Like most of us, the Divergents exhibit attributes of more than one faction. We all have some degree of psychic and eagle eye perception and bleeding heart and pointy head judgment. Just as we all have two hands, most of us tend to favor one over the other, but we can use our less favored hand when needed. And some of us are more ambidextrous than others.
As the New York Times reported, it was mostly an event for concerned ordinary people frustrated by international inaction on global warming. But if the marchers were just ordinary concerned people, what set them apart from other concerned ordinary people who chose to stay home? After all, aren’t we all concerned about the health of our planet?
Nick: “We complete each other in the nastiest, ugliest possible way.” Amy: “I’m the bitch who makes you a man.”
Rolling Stone praises the movie for “how enthralling it is, how gracefully it blends the cosmic and the intimate, how deftly it explores the infinite in the smallest human details.” We praise Interstellar for showcasing fundamental differences in human perception and judgment.
Heigle ‘s criticisms of her own roles have given her a reputation as a temperamental person with an inflated view of her own talent and importance. But there is another plausible explanation for her behavior.
The Goldfinch, named after the 1654 painting by Carel Fabritius of a chained goldfinch, is a Pulitzer Prize-winning 2013 novel by Donna Tartt and a book club favorite. This article provides a personality perspective that focuses on the relationship between two of the book’s main characters—Theodore “Theo” Decker, who tells the story in retrospective first-person narration, and his boyhood friend, Boris.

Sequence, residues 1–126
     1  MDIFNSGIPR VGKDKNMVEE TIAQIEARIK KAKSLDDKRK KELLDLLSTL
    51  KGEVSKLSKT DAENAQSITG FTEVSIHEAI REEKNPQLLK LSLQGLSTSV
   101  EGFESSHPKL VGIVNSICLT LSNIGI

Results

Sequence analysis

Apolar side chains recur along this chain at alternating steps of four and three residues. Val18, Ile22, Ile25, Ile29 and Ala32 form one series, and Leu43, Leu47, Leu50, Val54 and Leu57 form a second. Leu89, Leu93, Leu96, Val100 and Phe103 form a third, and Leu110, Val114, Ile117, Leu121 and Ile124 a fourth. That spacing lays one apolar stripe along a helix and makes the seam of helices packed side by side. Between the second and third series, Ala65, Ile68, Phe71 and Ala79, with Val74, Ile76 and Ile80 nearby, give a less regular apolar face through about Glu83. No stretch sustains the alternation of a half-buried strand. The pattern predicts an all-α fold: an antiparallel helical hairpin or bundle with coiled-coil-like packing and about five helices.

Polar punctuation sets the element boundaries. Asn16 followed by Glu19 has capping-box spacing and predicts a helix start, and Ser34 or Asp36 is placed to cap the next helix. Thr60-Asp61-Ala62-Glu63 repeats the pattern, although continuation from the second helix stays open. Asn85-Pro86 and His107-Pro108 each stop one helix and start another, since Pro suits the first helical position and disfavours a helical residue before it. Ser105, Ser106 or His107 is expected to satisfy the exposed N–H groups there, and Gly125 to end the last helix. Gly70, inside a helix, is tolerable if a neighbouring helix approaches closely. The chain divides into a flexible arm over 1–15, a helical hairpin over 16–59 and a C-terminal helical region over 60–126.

“My comedy is about telling the truth.” Joan Alexandra Molinsky, known as Joan Rivers, was an American actress, comedian, writer, producer, and television host noted for her controversial comedic persona where she was alternately self-deprecating or sharply acerbic toward celebrities and politicians. Time Magazine called her “Stand-up Comedy’s Neglected Pioneer.” Her public persona certainly screamed puppy, […]
“Well, I don’t have much job security.” Bill Clinton, in 1992, on why he still plays the saxophone.
The story is about the possibility of love destiny—the notion that lovers are predetermined by destiny to be together. Of all the personality types, only the bleeding-hearted psychics are prone to believe in such things.
Eagle-eyed hippie children are notorious for giving their parents and teachers a hard time for not doing their homework and being noisy and restless in school. But what if the wild child is independently wealthy and beyond the control of his or her parents? Or what if the parents are just as wild as the child?